Let’s start off by getting down to the meat of the subject here; hospitality management isn’t for everyone. If you’re not really a people person or can’t handle a high level of interpersonal interaction on a regular basis, you might want to consider an education in something other than hospitality management. Now given, you don’t have to be a chatty-Cathy or super-social person to work within the industry, but it certainly helps to enjoy a certain level of social interaction as well as helping others and providing quality customer service. If nothing else, having a social side can at least help you enjoy your hospitality management role rather than having you end up looking at it with distain and praying for a role in another industry to come along and save you from your work.
Work types and roles
When it comes to the type of work and roles you’ll likely be encountering in hospitality management, there is a variety of options in which you could find yourself. This can be one of the benefits of working within the hospitality field. It could be that you’re working in a mega-hotel in an urban environment. You could find yourself island-hopping on a cruise ship in the Caribbean or other worldly location. Otherwise, you might find yourself working in a hip club in Miami, managing a hotspot restaurant in New York, overseeing a trendy bar in LA, or handling guest service as a concierge in a boutique hotel in Chicago or assisting guests in a quaint resort in the Appalachians.
Is hospitality management the right path?
With job options and career advancement opportunities nationwide as well as worldwide, there are a number of ways in which to pursue your hospitality management career after graduation. But let’s focus on that graduation part for a minute. First off, you have to determine not only if the work within the hospitality field — which can be fast-paced and energy filled — is right for you and your personality, but whether the educational coursework is something you’d be interested in completing as well.
Not everyone is cut out for work in the hospitality field. Work in many hospitality environments can entail long hours, lots of guest interaction, the ability to think on your feet, decision-make and problem-solve quickly, and often involves hands-on managing when the situation calls for it. From jumping in to help train an employee, to helping out on the floor and even rolling up your sleeves to pull some weight if an employee calls off, a manager’s roll within the hospitality field can be filled with a variety of work activities. There could be paper pushing office activities like scheduling, budgeting, and taking inventory. Maybe your day will be filled more with social interaction involving employee training and resolving workplace conflict, solving guest issues, or just ensuring that guests and employees alike have what they need either to make their stay more enjoyable or do their work more effectively. And there could be much more physical labor like bussing tables, doing laundry, cleaning floors or guest rooms, washing dishes, and any number of other activities that go into the maintenance of a bar, restaurant, or hotel.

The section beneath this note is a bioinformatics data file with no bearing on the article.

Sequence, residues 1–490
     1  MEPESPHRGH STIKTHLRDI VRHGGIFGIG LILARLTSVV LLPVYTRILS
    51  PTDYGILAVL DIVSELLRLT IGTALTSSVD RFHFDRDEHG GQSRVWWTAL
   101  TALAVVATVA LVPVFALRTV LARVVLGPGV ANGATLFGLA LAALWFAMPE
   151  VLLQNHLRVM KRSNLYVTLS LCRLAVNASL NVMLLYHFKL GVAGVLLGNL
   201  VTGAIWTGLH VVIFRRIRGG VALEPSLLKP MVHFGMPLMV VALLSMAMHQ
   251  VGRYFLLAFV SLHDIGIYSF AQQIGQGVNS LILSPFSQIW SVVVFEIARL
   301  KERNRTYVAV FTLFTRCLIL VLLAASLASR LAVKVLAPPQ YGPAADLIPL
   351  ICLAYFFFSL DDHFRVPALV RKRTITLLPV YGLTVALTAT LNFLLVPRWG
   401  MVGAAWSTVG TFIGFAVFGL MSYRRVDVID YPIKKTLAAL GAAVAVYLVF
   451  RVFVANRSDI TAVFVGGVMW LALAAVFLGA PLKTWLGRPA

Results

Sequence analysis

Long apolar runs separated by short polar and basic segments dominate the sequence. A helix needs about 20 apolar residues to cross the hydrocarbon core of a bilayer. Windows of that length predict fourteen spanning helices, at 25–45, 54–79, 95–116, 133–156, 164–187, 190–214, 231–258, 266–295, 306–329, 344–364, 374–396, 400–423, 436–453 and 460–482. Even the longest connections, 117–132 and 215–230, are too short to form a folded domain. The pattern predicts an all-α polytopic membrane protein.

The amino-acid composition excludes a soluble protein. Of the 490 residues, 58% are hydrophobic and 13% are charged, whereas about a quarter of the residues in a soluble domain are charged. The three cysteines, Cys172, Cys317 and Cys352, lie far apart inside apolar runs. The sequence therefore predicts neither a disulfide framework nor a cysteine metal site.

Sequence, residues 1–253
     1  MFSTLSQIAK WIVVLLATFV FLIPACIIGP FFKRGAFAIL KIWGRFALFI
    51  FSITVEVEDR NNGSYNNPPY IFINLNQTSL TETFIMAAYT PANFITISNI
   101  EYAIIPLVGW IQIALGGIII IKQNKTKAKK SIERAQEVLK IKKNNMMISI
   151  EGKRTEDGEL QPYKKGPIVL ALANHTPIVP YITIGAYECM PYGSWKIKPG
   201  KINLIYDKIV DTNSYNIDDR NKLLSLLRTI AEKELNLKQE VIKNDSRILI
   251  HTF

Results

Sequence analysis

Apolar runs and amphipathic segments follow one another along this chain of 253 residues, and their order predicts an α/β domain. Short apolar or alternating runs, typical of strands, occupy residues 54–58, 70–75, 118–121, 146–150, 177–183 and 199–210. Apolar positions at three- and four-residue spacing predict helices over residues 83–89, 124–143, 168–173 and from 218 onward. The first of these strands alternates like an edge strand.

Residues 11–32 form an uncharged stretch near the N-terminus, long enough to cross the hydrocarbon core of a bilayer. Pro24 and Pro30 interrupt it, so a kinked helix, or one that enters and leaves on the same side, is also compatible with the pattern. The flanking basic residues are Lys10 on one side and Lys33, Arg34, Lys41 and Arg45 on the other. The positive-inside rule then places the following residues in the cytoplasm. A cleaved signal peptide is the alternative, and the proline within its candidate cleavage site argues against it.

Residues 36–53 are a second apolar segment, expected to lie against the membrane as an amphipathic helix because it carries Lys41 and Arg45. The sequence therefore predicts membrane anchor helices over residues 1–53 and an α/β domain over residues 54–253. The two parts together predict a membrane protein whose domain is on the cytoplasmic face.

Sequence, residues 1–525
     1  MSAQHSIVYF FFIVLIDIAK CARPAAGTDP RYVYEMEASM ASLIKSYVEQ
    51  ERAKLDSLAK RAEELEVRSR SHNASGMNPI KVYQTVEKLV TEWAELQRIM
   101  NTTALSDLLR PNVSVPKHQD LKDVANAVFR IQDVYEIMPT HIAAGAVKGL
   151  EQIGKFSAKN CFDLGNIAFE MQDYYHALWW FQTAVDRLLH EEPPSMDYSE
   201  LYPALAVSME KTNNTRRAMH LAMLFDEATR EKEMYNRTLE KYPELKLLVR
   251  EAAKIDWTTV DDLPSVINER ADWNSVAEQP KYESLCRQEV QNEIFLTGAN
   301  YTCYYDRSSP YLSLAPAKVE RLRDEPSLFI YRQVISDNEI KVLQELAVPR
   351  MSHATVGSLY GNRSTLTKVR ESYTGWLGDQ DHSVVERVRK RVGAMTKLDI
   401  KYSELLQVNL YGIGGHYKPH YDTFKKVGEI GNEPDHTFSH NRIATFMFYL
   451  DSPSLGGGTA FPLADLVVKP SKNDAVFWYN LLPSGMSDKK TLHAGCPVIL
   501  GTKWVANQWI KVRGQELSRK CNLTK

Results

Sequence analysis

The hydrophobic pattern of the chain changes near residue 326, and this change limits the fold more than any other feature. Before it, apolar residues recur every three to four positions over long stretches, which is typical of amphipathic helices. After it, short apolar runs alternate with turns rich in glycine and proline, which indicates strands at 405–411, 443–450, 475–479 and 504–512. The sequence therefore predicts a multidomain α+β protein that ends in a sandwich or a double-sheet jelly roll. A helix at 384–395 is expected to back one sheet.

So if you don’t really like dealing with people, aren’t looking for a job that can require a little hard labor from you, or you aren’t great at making quick decisions, then maybe work in the hospitality field isn’t the best match for you. But if you’re looking for work in a fast-paced, often energy-filled industry in which there can be variety not only in the jobs you do, but the career path potential as well, then you might fit well in a hospitality role.
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The author is not a licensed educational professional or academic or career advisor. This article is for informational purposes only and does not constitute advice of any kind. Any action taken by the reader due to the information provided in this article is solely at the reader’s discretion.